Carbon nanotubes (CNTs) have been discovered in the early 1990s (Iijima, 1991). The earliest research has been focus on the synthesis of CNTs to produce sufficient amount of material necessary for experiments. The progress of common growth techniques including arc discharge and laser ablation of graphite pieces and later chemical vapor deposition (CVD) and plasma enhanced CVD has significantly improved the quantity as well as the quality of the CNTs (Meyyapan, 2005). In the last decade many companies have concentrated their efforts to develop and control those growth techniques to insure very high purity and uniform CNTs in length and diameter at a reasonable cost. The physical properties of carbon nanotubes (Saito, 1998) have demonstrated unique electronic structure depending on their dimensions and chiralities, which have been considered as a major discovery in semiconductor devices. In addition, due to strong covalent carbon-carbon bonding CNTs present very high tensile strength, thermal and electrical conductivity. Hence, those mechanical and electrical properties make them also very attractive to reinforce composites material for aerospace applications. Usually, carbon nanotubes are classified in two categories: Single-wall CNTs (SWCNT) composed of a single graphitic cylinder where the diameter varies from 0.7 to 2 nm and Multi-wall CNTs (MWCNTs) composed of several concentric graphitic layers where the diameter varies from 10 to 200 nm. Commercial carbon nanotubes are available in a powder form where they are entangled and randomly distributed.
Today, the growth of carbon nanotubes is well advanced and the main research interest has become CNT-based applications. The potential of carbon nanotube-based applications is currently investigated for developing novel transistors, scanning probes (M.J. O’Connell, 2006), mechanical sensors (Tung et al., 2007), field emission and lighting applications (Jorio et al., 2008). The knowledge of dielectric properties at low frequency (DC to 1MHz) as well as high frequency (above 1MHz) is the key for developing novel electronic devices such as radio frequency miniaturized resonators (El Sabbagh and El-Ghazaly, 2009a) as well as electronic model for future implementation (EL Sabbagh and El-Ghazaly, 2009c). Therefore, the electrical characterization at radio frequency/microwave (RF/M) bands becomes a challenge where common measurement techniques are inappropriate. For high frequency measurements, complex permittivity (
Over 600 publications have reported the characterization of CNT-based composites in 2010 where carbon nanotubes are embedded in a host medium. However, those samples preparation considerably decreases the accuracy of the measurements and explains the difference between the reported results. In this chapter, a non destructive, low-cost, easily implemented and broad frequency band (from 10 MHz to 50 GHz) measurement setup is presented where only a small fraction of material in a powder form is necessary (Decrossas et al., 2010). Carbon nanotubes powder as furnished by the supplier is placed without host medium decreasing the unknown effects on the preparation of the samples. The extraction of the complex permittivity of CNT networks is investigated over a wide frequency band considering different powder densities. Then, the reported results are explained through the percolation theory (Stauffer and Aharony, 1992) as well as numerical and experimental studies where metallic particles are embedded in a dielectric medium (Decrossas et al., 2011). The conclusion summarizes the experimental reported results and is followed by a discussion on possible future research directions.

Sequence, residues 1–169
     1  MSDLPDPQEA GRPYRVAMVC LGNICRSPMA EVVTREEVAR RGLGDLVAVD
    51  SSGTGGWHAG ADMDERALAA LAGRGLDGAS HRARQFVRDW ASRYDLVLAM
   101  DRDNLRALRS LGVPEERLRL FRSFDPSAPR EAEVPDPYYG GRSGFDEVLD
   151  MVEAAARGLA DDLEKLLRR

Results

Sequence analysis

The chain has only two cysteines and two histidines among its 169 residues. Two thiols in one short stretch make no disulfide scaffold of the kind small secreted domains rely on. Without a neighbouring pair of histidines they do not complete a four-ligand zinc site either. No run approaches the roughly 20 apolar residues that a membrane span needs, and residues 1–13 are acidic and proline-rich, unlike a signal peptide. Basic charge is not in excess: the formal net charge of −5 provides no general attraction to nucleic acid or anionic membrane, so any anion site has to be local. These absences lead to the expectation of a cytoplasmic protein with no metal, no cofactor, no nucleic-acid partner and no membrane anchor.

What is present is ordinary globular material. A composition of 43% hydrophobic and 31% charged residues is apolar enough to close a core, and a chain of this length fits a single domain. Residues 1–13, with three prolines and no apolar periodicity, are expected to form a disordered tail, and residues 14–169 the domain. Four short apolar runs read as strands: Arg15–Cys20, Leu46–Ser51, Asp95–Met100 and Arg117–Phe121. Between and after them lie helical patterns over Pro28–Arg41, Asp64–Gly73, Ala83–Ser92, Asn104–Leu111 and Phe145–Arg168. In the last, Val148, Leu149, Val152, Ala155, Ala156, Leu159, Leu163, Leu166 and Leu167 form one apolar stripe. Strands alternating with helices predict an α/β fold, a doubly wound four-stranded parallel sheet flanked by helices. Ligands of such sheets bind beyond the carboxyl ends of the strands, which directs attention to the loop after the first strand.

2. Description of the test structure
The measurement technique is realized by studying the propagation of electromagnetic waves in a circular waveguide shorted at the end filled with a dielectric medium. Therefore, incident electromagnetic waves are reflected after propagating in a medium and the study of these waves inform us about the electrical properties of the material under test (MUT).
The homemade test structure includes coaxial and circular discontinuities where the material under test filled the circular waveguide as shown in Fig. 1.The measurements are carried out using a performance network analyzer (PNA) capable of measurements from 10 MHz to 67 GHz. The hollow circular waveguide is connected to the PNA through a precision adapter via 1.85 mm coaxial cable. Copper well-known for its high conductivity has been chosen to build the cell holding the material under test as depicted in Fig. 2.
The adopted measurement technique presents several advantages: (a) only a small fraction of carbon nanotubes powder is required; (b) other parameters like density and temperature are easily controlled for repeatable measurement; (c) the powder is held in a closed structure to avoid fringing radiation. The extraction technique includes the computation of the reflection coefficient using the mode matching method where each discontinuity encounter by an incident wave is characterized by its generalized scattering parameters as shown in Fig. 1(b). The accuracy of the analysis comes from the consideration of all propagating and evanescent higher-order modes excited by the discontinuities. The model of the test structure using the mode matching technique (MMT) and the methodology to extract the complex permittivity have been previously described (Decrossas et al., 2011). If the problem to derive the reflection coefficient from the full-wave model is straightforward, the computation of the complex permittivity is obtained by an iterative method. An optimized gradient method solves this inverse problem based on comparison of the measured and simulated reflection coefficient using the mode matching technique.
In case of material in dry-powder form, density is an important parameter that affects the value of complex permittivity. The procedure to extract the permittivity of CNT networks involves also the study of the effect of the density of CNT networks inside the waveguide holder (Decrossas et al., 2011). This is carried out by increasing gradually the mass of added networks inside the holder. To calibrate the measurement setup and verify the method of extraction, experiments are first realized with silicon dioxide (SiO2) as well as pure alumina powder (Al2O3) with particles size of approximately 50nm. Fig. 3 presents the real and